Belief, it is said, is the psychological state in which an individual holds a proposition or premise to be true. I guess you could say it is not necessary for something to actually be true in order for someone to believe it. Thank goodness much of the mundane in our lives has consistent evidence; humans have heads; lungs need air; sound travels without being seen; the sun provides light by day and the moon and stars reflect that light by night…stuff like that. Easy to believe. We all know it because the evidence consistently proves it.

The older we get, the more we struggle with belief. Newborn babies have no need for belief, I suppose. Their minds don’t search for testaments. They only know what their bellies and their pain mechanisms tell them and it wouldn’t matter if they believe someone will feed them or not, they’re just hungry. You couldn’t even say they trust someone to feed them. They’re just hungry. And if they die hungry, they just die. No anger, no questions. This is before they form attachment. Things change when we become more intelligent and attached. It takes the gently dissipating innocence rising from them as they age, their loss of naïveté, to form the questions which open the window to belief. We do not baptize our babies because they simply have no need for baptism at such an innocent age. We wait until they are old enough, tried enough, challenged barely enough…to believe, or at least to want to believe.

When the great maker of all good things molded us and breathed mortality into us, I imagine him setting us, figuratively speaking, on the chess board of life. He places us in our little first squares, and sits back in his chair. I don’t know how we move, whether we shift ourselves, or whether he lifts his hand and moves us himself, or whether he lets the board rise and fall, sliding us to and fro haphazardly. However we move; we move. Even if we don’t feel like playing; we play. I choose that candid chess scene as a picture in my head, not as fact, though I do believe in a great majestic hand overseeing me. It simply represents how little I know about why things happen.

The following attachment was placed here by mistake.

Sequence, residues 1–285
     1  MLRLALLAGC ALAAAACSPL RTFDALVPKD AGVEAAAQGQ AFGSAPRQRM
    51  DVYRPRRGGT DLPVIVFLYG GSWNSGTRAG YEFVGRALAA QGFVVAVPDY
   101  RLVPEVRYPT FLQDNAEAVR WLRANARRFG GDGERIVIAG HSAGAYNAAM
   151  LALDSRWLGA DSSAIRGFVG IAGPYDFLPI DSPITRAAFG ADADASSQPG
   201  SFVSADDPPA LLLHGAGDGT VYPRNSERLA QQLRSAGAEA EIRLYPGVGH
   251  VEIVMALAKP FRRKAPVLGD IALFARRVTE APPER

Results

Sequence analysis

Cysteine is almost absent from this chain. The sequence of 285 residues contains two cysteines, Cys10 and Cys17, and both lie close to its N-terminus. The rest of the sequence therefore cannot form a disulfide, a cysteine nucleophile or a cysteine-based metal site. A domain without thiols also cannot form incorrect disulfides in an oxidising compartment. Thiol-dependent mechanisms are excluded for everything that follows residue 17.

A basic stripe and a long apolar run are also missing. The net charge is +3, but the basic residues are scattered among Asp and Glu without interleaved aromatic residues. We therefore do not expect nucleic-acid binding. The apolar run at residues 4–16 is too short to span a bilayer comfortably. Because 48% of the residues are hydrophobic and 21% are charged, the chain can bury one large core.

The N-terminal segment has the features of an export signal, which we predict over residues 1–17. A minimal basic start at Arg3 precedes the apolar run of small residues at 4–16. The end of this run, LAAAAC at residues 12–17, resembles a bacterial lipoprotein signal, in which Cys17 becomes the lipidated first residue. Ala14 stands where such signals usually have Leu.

What I believe and what I know are categories separated by one simple thing. Some call it the Holy Ghost. The Holy Spirit. Inspiration. Spiritual Instinct. That thing which causes the hairs on my arms to stand on end, springing out of little goose bumps when someone says something particularly stirring. That trigger in the back of my head which switches the tear ducts during certain tender moments. That soundless bell of validation I feel ringing in my chest when someone speaks something I consider to be true. It’s as real to me as the sun rising in the east and setting in the west. Because someone else does not perceive it the same does not diminish the evidence I have accumulated through the years: that this mechanism serves as a form of revelation to me, just like the test tubes and glass slides and microscopes served in my high school Biology class. Without it I would be wingless – unable to rise from the starkness of earth life. I’m not talking fairy wings, I mean figurative functional flight wings with power and purpose. Without it I think I might be able to feel happiness, but I would be devoid of hope; and without hope I cannot imagine being who I am.